Pete Gillespie

From BR Bullpen

Pete Gillespie.jpg

Peter Patrick Gillespie

  • Bats Left, Throws Right
  • Height 6' 1½", Weight 178 lb.

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Biographical Information[edit]

Pete Gillespie, also known as Patrick or Pat Gillespie, first played in the National League in 1880 at the age of 28. He had a decent eight-year career with the Troy Trojans and the New York Gothams.

He kept good company - his teammates included Buck Ewing, Roger Connor, Dan Brouthers, Mickey Welch, and Tim Keefe.

He was born in Pennsylvania in 1851 of Irish parents. He worked in the coal fields as a youth. He played in local amateur games in 1874 and 1875. On tour around the state, his team won every game in 1875.

He played again on an amateur team in 1876, one which played both amateur and professional opponents. In 1877, he joined the Wilkes-Barre semi-pro team. In 1878, he played for a Massachusetts team called the Live Oaks. In 1879, he joined a team in Holyoke that was part of the National Association of Base-Ball Clubs, where he hit .411. Connor and Welch were both on the team.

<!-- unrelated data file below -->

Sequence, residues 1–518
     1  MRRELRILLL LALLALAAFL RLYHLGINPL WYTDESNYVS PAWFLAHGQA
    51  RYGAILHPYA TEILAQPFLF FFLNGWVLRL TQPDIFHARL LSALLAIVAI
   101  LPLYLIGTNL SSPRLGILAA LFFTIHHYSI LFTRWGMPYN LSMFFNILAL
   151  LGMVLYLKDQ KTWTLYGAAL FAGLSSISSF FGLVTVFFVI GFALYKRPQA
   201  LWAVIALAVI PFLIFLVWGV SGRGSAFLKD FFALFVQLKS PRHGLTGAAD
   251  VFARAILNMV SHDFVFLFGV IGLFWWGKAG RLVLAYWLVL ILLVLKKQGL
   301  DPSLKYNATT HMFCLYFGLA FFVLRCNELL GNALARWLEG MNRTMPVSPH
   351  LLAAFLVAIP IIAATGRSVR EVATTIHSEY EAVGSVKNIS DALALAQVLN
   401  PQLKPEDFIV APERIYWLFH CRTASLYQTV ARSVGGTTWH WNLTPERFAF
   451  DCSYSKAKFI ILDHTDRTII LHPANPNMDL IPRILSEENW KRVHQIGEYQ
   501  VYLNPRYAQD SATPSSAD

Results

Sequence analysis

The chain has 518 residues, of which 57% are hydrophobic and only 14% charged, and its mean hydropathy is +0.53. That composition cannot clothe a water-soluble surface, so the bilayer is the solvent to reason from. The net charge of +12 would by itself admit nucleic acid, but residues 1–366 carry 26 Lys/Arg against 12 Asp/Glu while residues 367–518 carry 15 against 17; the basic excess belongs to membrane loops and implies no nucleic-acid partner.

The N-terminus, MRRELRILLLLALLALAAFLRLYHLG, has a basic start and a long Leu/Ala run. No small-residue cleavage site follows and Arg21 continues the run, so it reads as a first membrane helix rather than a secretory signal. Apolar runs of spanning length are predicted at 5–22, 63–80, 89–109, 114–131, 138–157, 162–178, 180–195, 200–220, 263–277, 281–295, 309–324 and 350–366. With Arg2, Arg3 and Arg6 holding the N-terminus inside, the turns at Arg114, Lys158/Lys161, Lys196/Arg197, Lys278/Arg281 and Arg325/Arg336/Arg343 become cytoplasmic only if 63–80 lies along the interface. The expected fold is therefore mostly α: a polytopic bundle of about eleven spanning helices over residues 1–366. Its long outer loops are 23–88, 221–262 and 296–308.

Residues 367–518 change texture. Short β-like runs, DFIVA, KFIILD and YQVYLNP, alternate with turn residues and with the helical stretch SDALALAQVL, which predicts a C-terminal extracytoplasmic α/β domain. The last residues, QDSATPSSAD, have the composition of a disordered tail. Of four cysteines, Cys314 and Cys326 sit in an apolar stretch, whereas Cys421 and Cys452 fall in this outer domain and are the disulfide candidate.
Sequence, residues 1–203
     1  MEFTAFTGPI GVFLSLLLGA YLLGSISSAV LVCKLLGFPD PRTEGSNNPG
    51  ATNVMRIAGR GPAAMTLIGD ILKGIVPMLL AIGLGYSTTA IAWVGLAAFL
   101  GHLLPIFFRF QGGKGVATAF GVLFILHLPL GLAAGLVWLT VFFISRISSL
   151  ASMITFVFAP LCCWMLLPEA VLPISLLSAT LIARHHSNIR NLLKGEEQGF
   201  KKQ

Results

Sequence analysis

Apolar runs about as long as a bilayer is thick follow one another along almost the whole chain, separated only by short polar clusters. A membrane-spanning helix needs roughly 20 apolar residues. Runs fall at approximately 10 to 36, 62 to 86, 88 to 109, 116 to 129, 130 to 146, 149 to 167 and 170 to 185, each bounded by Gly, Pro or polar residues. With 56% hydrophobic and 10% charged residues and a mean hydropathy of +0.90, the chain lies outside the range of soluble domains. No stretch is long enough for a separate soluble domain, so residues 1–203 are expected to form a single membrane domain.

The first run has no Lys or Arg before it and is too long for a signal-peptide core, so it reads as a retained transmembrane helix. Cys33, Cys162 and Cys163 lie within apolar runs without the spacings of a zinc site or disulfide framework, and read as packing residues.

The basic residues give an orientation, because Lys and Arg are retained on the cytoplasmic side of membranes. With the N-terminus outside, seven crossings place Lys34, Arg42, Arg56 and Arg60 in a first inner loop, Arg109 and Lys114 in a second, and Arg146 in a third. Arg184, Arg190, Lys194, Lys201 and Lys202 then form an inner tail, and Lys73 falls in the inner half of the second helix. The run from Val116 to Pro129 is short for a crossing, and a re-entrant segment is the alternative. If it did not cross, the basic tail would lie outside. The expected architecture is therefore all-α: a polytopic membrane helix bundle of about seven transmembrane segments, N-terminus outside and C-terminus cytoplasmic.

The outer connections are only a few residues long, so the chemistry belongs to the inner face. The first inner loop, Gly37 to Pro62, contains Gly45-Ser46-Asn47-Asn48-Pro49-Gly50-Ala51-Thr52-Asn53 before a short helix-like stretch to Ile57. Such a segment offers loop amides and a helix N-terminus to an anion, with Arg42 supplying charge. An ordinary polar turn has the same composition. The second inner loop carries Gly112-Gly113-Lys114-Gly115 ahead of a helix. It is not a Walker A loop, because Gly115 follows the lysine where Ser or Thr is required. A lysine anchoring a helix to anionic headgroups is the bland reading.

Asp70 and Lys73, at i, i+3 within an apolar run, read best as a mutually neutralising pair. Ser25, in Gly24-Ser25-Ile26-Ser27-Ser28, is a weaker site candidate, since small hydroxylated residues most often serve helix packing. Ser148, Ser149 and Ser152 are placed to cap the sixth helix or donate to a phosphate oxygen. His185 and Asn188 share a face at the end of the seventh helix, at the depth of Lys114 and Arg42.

He made his mark in the 1880s early on as a top fielder. However, in 1882, he sustained a serious injury as the result of a collision in the outfield.

Although the New York team was called the Gothams, they were sometimes called the Giants because several of the players, including Gillespie, were quite tall for the time. The team eventually became the New York Giants. It was said that he could have played longer in the major leagues, but insisted on a salary that was not acceptable to the Gothams.

In 1888, he played for two International Association teams, but was released by both. He then played for an amateur team that played the Cuban Giants and got beaten by them 10-0.

His obituary stated that he was the first player to get a salary of $2,800. His brother Jack was said to have been one of the first pitchers to throw a curve ball.

In 1892 it was reported that he was working in the mines in Pennsylvania for $1 a day, but that availability of work was on-and-off.

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